On the first of June, Lt General Geoffrey Keyes, Commanding General of the Third US Army, dedicated the Karl Schurz Autobahn Bridge over the Neckar river near Mannheim. This bridge, which eliminated a long detour through Mannheim and from 20 to 30 minutes travel time, became of importance after the death by accident of General Patton in making this detour focused attention on this condition. Appropriate ceremonies were held, attended by many notables. The bridge was accepted by Dr. Rheinhold Meyer, representing the German government of Wuerttemberg-Baden. The name, Karl Schurz, was suggested by Dr. Hans Balke, whose organization, non-civilian, was employed on this work under the direction of Captain Andrew Psillos, commanding Company "E". The bridge, of all welded steel and wide flange beam construction, was built largely from material salvaged from the Rhine River bridges at Oppenheim and Mainz, removal of which was done by Company "F". The remaining companies of the Regiment, A, B, C and D, were still employed on the community housing program.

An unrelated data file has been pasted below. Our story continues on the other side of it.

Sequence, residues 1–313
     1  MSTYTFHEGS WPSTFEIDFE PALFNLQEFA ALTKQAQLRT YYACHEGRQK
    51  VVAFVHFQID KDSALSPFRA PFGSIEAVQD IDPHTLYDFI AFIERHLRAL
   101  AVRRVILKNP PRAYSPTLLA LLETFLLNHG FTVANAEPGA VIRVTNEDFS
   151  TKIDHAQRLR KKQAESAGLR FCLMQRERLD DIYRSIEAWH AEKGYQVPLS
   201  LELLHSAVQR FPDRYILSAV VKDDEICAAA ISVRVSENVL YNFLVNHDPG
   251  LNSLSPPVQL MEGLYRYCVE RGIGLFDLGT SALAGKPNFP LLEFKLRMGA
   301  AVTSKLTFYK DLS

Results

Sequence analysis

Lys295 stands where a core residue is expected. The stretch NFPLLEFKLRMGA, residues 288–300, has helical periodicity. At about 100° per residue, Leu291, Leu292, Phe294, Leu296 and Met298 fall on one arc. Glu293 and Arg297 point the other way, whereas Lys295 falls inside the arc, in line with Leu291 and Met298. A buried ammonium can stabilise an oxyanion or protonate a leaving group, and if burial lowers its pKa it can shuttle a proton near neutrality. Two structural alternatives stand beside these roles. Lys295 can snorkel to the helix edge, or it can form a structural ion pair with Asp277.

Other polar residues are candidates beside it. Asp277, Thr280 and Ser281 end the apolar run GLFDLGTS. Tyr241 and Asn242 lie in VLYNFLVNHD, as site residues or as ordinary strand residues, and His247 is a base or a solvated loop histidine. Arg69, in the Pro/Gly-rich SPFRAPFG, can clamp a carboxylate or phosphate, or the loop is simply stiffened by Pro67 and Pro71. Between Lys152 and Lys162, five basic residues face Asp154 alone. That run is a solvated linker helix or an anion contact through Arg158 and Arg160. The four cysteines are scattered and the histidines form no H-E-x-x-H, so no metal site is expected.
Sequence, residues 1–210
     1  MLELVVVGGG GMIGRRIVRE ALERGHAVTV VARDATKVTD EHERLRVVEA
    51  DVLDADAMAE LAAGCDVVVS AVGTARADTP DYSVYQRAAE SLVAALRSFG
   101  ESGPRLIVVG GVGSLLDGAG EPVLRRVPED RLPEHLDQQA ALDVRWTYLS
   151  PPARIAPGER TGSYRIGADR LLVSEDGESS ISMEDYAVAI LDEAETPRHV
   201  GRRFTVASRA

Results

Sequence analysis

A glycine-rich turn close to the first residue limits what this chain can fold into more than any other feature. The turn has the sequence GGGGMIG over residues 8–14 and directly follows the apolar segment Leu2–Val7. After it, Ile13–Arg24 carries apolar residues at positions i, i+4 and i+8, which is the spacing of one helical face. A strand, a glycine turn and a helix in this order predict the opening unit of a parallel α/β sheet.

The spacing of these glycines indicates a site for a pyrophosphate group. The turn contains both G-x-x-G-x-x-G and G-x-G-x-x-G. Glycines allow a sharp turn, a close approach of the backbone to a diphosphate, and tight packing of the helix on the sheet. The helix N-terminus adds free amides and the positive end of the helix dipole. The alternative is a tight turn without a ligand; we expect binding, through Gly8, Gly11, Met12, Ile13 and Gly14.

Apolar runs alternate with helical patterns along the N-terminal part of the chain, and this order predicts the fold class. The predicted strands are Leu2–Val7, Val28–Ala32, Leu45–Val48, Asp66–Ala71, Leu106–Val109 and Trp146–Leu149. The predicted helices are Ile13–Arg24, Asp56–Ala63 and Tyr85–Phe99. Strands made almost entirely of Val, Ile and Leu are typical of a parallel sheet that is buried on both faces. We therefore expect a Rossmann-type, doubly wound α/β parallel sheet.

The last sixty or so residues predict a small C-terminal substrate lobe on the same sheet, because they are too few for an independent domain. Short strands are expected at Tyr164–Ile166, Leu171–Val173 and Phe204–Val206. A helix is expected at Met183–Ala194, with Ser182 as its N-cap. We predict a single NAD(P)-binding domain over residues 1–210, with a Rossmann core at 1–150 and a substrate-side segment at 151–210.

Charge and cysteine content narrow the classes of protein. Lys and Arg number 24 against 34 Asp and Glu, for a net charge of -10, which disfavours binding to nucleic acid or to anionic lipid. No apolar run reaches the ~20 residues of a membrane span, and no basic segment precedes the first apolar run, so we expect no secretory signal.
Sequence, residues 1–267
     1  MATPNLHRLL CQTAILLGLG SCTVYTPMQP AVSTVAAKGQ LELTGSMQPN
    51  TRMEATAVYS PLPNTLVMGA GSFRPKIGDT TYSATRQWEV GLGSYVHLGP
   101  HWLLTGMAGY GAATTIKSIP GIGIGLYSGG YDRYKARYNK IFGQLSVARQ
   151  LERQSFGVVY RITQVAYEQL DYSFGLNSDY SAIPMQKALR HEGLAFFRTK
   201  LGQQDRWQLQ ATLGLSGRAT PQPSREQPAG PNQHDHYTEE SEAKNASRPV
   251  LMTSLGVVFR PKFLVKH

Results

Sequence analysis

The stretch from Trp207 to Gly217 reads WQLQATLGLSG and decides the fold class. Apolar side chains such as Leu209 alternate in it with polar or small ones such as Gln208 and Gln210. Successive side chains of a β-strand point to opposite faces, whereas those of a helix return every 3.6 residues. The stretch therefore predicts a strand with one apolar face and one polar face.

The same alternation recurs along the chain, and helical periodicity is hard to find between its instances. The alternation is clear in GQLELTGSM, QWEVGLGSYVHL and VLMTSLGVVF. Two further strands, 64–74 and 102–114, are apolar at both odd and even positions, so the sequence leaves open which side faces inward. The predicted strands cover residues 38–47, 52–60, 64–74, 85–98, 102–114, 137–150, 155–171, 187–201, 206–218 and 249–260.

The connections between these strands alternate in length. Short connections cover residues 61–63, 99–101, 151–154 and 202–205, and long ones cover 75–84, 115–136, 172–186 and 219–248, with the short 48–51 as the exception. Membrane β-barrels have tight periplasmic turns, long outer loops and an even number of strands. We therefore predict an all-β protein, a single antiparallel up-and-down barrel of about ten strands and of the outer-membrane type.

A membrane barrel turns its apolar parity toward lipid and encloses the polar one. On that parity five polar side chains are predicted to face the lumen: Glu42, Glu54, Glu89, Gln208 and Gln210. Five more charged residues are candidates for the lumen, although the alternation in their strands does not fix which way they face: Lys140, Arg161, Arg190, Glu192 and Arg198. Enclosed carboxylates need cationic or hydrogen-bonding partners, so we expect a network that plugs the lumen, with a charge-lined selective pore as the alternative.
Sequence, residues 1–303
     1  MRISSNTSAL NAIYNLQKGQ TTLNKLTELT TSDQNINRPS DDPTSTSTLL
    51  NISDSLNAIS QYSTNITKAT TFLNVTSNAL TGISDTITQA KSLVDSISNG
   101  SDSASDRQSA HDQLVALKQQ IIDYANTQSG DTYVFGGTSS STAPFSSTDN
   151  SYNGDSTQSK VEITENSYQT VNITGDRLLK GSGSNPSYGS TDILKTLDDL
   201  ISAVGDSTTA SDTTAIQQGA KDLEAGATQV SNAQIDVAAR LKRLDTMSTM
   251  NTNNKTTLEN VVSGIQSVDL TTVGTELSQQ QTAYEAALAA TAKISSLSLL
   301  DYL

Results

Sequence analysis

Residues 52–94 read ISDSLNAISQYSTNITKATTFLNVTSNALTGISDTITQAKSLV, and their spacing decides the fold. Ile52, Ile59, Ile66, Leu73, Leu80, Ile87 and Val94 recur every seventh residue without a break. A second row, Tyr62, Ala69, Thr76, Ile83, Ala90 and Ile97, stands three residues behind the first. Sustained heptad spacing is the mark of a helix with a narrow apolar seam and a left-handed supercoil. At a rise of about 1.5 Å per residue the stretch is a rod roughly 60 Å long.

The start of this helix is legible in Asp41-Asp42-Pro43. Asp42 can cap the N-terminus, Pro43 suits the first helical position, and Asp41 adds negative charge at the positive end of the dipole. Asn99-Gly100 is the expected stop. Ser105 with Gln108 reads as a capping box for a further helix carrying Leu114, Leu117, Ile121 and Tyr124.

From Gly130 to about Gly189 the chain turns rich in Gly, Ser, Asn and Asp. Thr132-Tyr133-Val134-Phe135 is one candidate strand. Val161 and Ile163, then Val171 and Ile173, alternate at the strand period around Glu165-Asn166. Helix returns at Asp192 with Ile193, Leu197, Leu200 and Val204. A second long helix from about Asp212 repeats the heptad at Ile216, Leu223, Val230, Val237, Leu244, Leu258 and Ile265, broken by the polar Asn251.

In September, Colonel Heath Twichell, accompanied by 1st Lt James F. Postelwate, 1st Lt Cornellison and M/Sgt Harlow, the only remaining members of the original 333 Engineer SS Regiment, journeyed to Cherbourg to receive a special flag embroidered with the Cherbourg coat of arms, presented by the citizens at a simple but effective ceremony in the town hall.